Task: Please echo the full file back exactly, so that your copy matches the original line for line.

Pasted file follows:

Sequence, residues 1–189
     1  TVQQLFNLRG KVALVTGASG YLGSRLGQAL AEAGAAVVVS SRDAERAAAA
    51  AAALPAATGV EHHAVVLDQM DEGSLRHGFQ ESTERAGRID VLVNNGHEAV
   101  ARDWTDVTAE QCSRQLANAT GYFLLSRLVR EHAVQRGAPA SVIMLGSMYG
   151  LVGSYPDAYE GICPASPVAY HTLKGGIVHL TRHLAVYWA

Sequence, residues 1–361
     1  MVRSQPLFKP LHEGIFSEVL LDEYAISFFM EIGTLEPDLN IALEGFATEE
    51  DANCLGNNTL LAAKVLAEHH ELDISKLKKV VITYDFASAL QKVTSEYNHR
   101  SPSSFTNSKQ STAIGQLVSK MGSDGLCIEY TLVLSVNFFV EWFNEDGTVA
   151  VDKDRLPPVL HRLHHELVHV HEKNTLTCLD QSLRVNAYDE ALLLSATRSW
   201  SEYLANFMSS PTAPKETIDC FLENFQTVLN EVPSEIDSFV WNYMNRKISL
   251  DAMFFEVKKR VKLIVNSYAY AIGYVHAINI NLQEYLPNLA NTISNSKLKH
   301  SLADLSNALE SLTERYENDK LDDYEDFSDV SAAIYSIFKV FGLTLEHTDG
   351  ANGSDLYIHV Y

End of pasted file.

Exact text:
Sequence, residues 1–189
     1  TVQQLFNLRG KVALVTGASG YLGSRLGQAL AEAGAAVVVS SRDAERAAAA
    51  AAALPAATGV EHHAVVLDQM DEGSLRHGFQ ESTERAGRID VLVNNGHEAV
   101  ARDWTDVTAE QCSRQLANAT GYFLLSRLVR EHAVQRGAPA SVIMLGSMYG
   151  LVGSYPDAYE GICPASPVAY HTLKGGIVHL TRHLAVYWA

Sequence, residues 1–361
     1  MVRSQPLFKP LHEGIFSEVL LDEYAISFFM EIGTLEPDLN IALEGFATEE
    51  DANCLGNNTL LAAKVLAEHH ELDISKLKKV VITYDFASAL QKVTSEYNHR
   101  SPSSFTNSKQ STAIGQLVSK MGSDGLCIEY TLVLSVNFFV EWFNEDGTVA
   151  VDKDRLPPVL HRLHHELVHV HEKNTLTCLD QSLRVNAYDE ALLLSATRSW
   201  SEYLANFMSS PTAPKETIDC FLENFQTVLN EVPSEIDSFV WNYMNRKISL
   251  DAMFFEVKKR VKLIVNSYAY AIGYVHAINI NLQEYLPNLA NTISNSKLKH
   301  SLADLSNALE SLTERYENDK LDDYEDFSDV SAAIYSIFKV FGLTLEHTDG
   351  ANGSDLYIHV Y